Exactly How To Do A Lateral Raise, Without Hurting Yourself


Women's Health |

Oh, hello, strapless dress! Give sleeves the cold shoulder with this one move.

Sculpted delts (as in deltoids, muscles in your shoulders) are not just for the boys – or string bikinis. “Your shoulder is one of the least stable joints in your body and can be injured easily,” says Kristin Swart, a biokineticist at the Panorama Intercare Medical Centre in Cape Town. That’s because your shrugger is a ball- and-socket joint – a precarious machine that could get hurt with just one too many grocery bags. The lateral raise strengthens those delt muscles to reduce your injury risk. Plus, it’s the simplest, most beginner move and is even safe for pregnant women, says Kelly Saunders, director of training at Switch Playground.

Mapule Ndhlovu, personal trainer and winner of WH Next Fitness Star, agrees. “People don’t like to do isolation exercises because they get bored,” she adds. Her fix? Make the move harder by testing your balance. Lift your left leg, then lift the weight on your right arm up and down. You’ll be activating stabiliser muscles (hello, abs!) you didn’t know you had.

Are You Lifting Enough?

Here’s your rule of thumb, according to Swart: you should be able to complete all your reps without compromising form. If you’re struggling with the last set, go for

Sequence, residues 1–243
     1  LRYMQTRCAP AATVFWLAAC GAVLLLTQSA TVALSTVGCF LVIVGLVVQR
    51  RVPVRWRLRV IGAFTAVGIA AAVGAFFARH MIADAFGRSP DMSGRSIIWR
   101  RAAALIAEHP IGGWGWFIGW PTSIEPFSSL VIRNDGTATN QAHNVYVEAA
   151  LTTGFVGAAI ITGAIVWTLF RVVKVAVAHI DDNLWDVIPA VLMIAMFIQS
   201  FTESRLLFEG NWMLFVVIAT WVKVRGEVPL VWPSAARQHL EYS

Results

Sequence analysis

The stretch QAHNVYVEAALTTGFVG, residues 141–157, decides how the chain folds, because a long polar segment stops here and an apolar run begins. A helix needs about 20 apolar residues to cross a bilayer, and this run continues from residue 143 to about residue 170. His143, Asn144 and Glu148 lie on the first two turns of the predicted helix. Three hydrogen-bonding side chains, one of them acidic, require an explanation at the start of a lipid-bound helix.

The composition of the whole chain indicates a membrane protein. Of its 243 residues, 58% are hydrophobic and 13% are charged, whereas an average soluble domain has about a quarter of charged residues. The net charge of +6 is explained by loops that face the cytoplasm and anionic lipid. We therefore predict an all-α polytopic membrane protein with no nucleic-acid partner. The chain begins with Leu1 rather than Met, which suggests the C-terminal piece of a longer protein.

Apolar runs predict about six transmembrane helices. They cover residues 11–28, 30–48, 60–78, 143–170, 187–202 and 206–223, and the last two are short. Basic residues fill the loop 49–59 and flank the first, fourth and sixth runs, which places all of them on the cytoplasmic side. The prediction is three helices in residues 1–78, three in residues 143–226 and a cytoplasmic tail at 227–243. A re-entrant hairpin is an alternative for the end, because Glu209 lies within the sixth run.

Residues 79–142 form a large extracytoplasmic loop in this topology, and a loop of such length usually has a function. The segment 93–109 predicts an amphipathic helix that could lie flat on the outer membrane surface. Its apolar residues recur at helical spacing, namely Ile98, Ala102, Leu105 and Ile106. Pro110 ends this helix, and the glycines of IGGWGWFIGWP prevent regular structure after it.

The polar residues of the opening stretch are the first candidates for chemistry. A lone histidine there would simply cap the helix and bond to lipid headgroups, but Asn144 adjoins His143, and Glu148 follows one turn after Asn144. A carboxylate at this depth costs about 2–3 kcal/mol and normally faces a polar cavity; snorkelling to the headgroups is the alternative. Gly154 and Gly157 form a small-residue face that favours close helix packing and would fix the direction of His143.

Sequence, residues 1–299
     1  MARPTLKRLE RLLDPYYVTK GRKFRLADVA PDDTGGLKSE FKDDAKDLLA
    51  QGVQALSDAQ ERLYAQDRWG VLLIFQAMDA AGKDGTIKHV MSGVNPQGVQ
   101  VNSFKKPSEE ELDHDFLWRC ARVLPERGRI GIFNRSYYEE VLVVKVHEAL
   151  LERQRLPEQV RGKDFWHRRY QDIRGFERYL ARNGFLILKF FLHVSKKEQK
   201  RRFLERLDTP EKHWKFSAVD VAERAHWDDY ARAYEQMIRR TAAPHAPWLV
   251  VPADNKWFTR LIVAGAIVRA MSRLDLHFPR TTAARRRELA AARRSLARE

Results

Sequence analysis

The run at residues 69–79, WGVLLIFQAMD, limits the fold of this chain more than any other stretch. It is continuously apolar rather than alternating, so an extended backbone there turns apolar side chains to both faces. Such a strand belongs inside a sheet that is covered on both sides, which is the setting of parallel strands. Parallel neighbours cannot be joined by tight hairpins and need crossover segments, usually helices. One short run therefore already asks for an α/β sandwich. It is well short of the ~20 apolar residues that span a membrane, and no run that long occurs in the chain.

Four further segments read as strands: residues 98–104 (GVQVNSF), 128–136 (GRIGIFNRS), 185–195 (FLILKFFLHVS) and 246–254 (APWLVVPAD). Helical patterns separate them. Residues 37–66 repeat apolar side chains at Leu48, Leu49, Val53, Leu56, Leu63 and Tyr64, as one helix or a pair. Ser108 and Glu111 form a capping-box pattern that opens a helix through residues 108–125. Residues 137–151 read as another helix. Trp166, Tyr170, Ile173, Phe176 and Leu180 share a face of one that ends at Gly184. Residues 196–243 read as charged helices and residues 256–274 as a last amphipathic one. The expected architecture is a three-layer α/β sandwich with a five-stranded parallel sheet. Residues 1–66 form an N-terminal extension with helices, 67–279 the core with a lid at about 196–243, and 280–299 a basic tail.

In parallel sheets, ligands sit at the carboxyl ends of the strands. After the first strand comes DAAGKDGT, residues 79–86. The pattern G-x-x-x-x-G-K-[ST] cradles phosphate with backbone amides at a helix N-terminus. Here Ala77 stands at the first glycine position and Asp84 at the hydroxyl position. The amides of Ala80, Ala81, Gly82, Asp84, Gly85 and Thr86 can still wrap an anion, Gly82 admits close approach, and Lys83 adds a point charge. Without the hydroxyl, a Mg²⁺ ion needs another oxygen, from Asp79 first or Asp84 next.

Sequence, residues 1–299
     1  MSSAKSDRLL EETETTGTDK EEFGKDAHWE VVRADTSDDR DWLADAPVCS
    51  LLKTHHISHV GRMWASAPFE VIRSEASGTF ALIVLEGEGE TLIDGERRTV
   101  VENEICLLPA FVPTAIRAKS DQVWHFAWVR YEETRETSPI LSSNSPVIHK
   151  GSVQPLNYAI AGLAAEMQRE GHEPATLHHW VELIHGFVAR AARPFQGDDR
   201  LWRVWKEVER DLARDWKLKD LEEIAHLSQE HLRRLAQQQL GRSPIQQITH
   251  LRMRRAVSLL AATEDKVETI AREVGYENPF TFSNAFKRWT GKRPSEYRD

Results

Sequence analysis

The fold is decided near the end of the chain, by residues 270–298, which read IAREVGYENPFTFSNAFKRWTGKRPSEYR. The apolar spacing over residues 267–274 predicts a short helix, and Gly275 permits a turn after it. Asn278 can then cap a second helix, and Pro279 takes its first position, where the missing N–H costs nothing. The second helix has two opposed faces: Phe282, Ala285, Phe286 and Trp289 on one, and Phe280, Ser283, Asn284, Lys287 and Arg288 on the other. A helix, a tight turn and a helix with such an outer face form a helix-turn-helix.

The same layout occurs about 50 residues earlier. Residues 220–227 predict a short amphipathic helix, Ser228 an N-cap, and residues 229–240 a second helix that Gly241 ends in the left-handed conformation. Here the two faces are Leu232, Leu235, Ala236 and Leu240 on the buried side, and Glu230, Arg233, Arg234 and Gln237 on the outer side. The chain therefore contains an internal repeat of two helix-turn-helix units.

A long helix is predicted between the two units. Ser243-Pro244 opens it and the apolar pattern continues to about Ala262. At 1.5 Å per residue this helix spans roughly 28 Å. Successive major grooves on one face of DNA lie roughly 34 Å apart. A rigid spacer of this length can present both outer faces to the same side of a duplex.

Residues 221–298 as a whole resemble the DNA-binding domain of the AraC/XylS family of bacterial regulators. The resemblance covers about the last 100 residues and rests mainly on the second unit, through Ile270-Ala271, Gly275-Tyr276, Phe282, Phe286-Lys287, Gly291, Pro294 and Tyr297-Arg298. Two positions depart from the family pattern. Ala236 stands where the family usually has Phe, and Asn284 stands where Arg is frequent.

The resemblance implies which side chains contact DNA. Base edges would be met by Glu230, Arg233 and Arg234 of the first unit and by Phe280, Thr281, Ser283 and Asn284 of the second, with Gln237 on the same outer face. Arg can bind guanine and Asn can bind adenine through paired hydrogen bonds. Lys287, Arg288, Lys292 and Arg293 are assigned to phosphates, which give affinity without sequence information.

a lighter weight. Too easy? You should feel your muscles working. If you feel like you could flap all day, scale
up the weight.

Signs You’re Doing It Wrong

• Your back is arched.
You’re putting your lower back in danger. Support yourself by bracing your core and maintaining a neutral spine.
• You swing the weights.
Stop! It needs to be a controlled movement, without momentum. If you’re struggling, go for a lighter weight.
• You shrug your shoulders.
This will affect your neck and those muscles on your collarbone. Keep ’em neutral and exhale when you lift – it’s like a deflating trick for your shoulders.

Avoid If…

You have a shoulder injury. Obvs.

Looking for more basic moves to master? Here’s how you can ace the stability-ball pike, the bicep curltricep dip, and the sit-up like a pro.

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